Counsellor self-reported fidelity to the intervention was high with a mean of 98.47% (SD = 0.02, range 93–100) of the FSI content delivered to families. Counsellors rated the quality of the content delivery as very good, with almost all content delivery rated as going ‘Well’ (mean = 1.95, SD = 0.06).
Postintervention qualitative interviews were conducted with all 26 caregivers and 32 of 35 youth in the 18 families who completed the intervention. Of the 58 participants, 57 (98.28%) indicated that they were satisfied or very satisfied with the FSI. Almost two-thirds of participants (65.52%) reported that they did not have any concerns with the FSI. Of those reporting concerns, reasons most frequently pertained to the time the intervention and assessments took and a desire for material support. One mother shared:
‘It's really good to talk but …we need something to lift up my life, our life conditions. It is good to be unified and cooperate in the family even communicate in good ways but also we need another help. [referring to needs for material support]’
‘Yes there were a few problems associated with getting the family together because some of the children were at school and it was hard for us to pick them from school sometimes, but most of the time his father picked them from school and it was ok’.
Some participants also mentioned that community members perceived the home-visiting team as bringing them material support that led to jealously ‘Yes community members always thought you had brought us things and money every time you came for the intervention … They are not happy thinking that you bring money for us’.
Above all, the FSI proved to be both acceptable and successful in working with families on the four core components. As one father shared, the FSI empowered him: ‘I got stronger. After the [FSI] sessions, I felt like no matter how hard life gets, one can always overcome the problems they face’. Another single-mother shared how the FSI allowed her to open up to her children about HIV and AIDS:
‘I asked them [my children] what the most interesting thing was for them ever since [the counselor] came … My son says, “Mama the conversations about HIV and AIDS were very good”. So I also join them and we talk about it [HIV]’.
Promoting two-way communication between children and caregivers is a core FSI component and one child shared how the FSI helped him and his parents communicate more effectively:
‘My family was unable to talk to me but when the counsellor came to talk to us, we were able to talk to our parents and we have been close to them and communicate without problems [now]’.
Children and their caregivers both expressed appreciation for the FSI and provided examples of how it helped bring family members closer and taught them how to communicate with one another.
According to caregivers, youth protective factors of family connectedness, good parenting, child pro-social behaviour and caregiver social support improved significantly from preintervention to postintervention, and changes were sustained and showed continued improvement at the 6-month follow-up. In addition, caregiver-reported youth perseverance/self-esteem was higher at 6-month follow-up than at preintervention. Youth-reported social support and parental use of harsh punishment also improved significantly from pre to postintervention and improvements were sustained at 6 months of follow-up. Caregiver-reported harsh punishment was also lower at 6-month follow-up than at preintervention (see Table 4 for complete results). The number of children who scored in the clinical range for depression decreased from five of 32 (15.63%) at baseline to four of 31 (12.90%) at postassessment, to three of 33 (9.09%) at follow-up. The number of children whom caregivers rated in the clinical range for depression decreased from five of 37 (13.51%) at baseline, to three of 34 (8.82%) at postassessment, to zero of 34 at follow-up. According to caregivers, youth-internalizing symptoms (depression, anxiety/depression and irritability) also improved from preintervention to 6-month follow-up. There were no reported improvements in youth conduct problems or functional impairment. Although youth self-reports of symptoms showed trajectories of improvement over time, they did not reach the P less than 0.05 level of significance. Such outcomes may be more fully captured in future trials with larger samples.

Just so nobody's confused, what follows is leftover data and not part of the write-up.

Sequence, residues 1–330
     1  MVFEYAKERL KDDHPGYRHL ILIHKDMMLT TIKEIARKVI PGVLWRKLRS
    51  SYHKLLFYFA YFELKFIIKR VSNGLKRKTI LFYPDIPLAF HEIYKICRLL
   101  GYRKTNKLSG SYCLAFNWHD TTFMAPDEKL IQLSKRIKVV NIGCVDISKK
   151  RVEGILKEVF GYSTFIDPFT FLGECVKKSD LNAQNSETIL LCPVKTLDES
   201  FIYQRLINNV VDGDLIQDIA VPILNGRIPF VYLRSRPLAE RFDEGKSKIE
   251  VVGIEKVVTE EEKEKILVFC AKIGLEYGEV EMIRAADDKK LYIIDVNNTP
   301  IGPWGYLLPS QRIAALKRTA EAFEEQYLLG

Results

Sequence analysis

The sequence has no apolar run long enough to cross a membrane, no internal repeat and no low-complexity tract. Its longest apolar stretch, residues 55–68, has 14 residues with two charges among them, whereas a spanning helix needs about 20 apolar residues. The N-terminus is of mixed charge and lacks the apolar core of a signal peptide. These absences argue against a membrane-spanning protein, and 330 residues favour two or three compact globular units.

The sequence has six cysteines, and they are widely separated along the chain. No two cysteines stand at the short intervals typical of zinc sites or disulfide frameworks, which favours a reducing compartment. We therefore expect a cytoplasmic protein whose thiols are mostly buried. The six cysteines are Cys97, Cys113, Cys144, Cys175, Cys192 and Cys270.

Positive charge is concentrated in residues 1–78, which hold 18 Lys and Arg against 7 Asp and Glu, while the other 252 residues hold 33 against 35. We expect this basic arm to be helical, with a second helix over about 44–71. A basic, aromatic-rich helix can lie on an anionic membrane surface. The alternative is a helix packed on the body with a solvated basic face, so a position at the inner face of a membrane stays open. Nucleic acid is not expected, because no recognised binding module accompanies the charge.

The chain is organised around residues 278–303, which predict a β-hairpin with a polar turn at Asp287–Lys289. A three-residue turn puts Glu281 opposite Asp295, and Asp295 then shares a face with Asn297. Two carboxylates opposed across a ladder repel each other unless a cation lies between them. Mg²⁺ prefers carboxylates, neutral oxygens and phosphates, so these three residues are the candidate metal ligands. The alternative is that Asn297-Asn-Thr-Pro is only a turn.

This open trial indicates initial feasibility and acceptability of the FSI for promoting improved caregiver–child relationships, family communication and reducing risks for emotional and behavioural problems in vulnerable children affected by HIV and AIDS in Rwanda. Our results indicate that caregiver-reported improvements in children's pro-social behaviour, family connectedness, good parenting and social support were sustained and strengthened from postintervention to 6-month follow-up. Caregiver-reported child perseverance/self-esteem also improved, and symptoms of depression, anxiety and irritability in children declined at 6-month follow-up. Caregiver and child-reported harsh punishment also decreased significantly at 6-month follow-up. These initial results will need to be further tested in well powered effectiveness trials.